“of the 3,000 chemicals that the US imports or produces at more than 1 million lbs/yr, a new EPA analysis finds that 43% of these high production volume chemicals have no testing data on basic toxicity and only seven percent have a full set of basic test data. This lack of test data compromises the public’s right to know about the chemicals that are found in their environment, their homes, their workplace, and the products that they buy. Industry must do more to ensure that basic information is available on every high-production chemical they manufacture.” (19)
Unfortunately, the practice seems to be to wait until there is overwhelming evidence, or until many people are affected in fatal or irrevocable ways by chemical substances, before they are investigated. The case of the synthetic estrogen DES in the 1950s and 1960s, and the alarming birth defects directly attributed to it, illustrates a particularly tragic example of what can happen. BPA has only been in use since 1957, and the history of EDCs so far often tells the story of a wide scale human experiment, of deadly chemical substances that we thought were safe until we learned better, in the hardest way possible.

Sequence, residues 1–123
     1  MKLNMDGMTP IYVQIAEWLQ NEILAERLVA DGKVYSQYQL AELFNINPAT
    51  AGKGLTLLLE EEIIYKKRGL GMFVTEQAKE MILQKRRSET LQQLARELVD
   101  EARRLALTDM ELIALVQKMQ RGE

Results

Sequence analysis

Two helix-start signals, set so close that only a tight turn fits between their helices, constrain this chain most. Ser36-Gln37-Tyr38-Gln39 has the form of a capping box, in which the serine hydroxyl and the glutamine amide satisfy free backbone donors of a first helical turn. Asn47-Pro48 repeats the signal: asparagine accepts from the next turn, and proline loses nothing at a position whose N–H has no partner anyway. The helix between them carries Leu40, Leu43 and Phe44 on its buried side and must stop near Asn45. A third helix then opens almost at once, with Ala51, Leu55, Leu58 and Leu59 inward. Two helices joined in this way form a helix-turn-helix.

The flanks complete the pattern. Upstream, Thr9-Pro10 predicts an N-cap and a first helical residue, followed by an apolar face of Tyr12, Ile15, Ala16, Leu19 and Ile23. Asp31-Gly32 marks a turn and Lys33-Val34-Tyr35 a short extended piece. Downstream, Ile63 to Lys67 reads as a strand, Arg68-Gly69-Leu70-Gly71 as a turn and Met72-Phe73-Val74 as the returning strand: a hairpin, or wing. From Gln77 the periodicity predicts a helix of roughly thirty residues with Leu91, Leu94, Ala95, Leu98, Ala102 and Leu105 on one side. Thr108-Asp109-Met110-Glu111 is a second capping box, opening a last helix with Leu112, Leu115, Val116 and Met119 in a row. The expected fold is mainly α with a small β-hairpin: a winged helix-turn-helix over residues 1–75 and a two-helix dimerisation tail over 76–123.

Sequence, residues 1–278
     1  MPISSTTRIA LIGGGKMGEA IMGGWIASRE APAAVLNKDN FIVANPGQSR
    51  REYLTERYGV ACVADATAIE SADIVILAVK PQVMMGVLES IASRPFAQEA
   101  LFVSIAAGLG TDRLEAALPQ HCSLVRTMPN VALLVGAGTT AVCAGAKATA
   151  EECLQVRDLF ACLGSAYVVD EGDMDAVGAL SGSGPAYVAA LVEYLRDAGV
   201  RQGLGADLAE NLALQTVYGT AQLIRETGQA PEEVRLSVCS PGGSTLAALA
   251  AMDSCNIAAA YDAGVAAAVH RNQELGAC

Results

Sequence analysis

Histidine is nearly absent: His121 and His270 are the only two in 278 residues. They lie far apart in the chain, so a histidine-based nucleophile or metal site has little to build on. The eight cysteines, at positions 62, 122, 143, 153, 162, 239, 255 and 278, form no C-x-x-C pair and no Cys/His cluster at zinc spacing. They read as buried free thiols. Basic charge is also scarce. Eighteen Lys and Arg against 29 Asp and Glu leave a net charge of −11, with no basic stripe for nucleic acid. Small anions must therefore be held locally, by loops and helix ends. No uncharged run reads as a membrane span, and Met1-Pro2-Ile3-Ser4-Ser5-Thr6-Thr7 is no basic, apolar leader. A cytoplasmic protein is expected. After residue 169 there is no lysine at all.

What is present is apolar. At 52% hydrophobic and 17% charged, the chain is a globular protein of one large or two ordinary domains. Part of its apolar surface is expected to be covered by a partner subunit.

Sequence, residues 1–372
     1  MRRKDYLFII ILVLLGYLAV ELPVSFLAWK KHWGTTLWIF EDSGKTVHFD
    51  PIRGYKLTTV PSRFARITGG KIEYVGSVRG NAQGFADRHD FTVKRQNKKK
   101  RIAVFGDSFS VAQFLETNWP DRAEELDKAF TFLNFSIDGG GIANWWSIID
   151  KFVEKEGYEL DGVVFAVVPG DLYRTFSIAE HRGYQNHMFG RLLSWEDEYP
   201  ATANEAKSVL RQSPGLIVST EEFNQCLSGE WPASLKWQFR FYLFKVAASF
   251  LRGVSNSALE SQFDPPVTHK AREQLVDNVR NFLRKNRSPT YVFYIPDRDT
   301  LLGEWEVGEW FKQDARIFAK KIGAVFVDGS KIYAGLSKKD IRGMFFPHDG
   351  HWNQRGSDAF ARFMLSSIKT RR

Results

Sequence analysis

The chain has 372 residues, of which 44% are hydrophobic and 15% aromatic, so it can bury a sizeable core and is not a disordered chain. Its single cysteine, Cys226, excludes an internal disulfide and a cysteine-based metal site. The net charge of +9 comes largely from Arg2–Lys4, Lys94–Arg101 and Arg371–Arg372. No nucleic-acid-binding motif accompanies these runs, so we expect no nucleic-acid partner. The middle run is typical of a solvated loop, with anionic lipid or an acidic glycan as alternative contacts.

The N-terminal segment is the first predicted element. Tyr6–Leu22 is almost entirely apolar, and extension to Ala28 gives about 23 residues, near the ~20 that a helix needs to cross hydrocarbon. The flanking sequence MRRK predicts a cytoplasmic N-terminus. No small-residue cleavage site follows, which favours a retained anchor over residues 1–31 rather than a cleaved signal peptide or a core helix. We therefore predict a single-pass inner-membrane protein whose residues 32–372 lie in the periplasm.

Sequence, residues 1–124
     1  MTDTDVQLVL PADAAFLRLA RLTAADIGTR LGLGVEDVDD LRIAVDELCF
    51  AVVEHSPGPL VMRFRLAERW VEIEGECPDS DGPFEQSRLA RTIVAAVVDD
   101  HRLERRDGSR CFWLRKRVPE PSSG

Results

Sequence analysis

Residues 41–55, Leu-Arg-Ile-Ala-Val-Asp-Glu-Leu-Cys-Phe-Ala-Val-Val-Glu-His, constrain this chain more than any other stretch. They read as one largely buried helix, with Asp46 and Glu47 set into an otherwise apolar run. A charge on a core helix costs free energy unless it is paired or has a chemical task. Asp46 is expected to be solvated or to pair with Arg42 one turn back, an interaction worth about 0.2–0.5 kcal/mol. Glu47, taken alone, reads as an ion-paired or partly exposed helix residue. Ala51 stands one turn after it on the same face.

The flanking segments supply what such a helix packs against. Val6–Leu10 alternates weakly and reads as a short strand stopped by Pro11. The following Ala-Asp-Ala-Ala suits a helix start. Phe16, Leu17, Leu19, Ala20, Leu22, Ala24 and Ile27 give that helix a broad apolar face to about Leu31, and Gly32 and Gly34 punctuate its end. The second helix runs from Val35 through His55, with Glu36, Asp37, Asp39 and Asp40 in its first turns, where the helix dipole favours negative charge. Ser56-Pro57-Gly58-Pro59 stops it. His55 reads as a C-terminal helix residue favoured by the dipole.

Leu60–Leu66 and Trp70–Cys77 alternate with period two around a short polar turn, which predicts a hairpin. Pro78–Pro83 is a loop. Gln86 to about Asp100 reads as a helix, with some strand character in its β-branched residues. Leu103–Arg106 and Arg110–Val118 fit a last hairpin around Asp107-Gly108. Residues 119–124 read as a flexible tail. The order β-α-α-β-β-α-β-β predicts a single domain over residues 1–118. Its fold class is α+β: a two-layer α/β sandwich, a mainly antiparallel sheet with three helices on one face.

The future of BPA and EDCs
At present, it seems it is up to the consumer to stay informed and decide what products to use, though it can be near impossible to successfully identify potentially harmful substances. For instance, many phthalates and other potential harmful EDCs are referred to as “fragrance,” a vague and misleading umbrella term. Some countries have established stricter limits on BPA in products for babies and children, including banning the use of BPA in baby bottles, and many manufacturers are voluntarily replacing BPA with substitutes in their products. Unfortunately, substitutes for BPA, including BPS, have proved to be harmful as well. (20)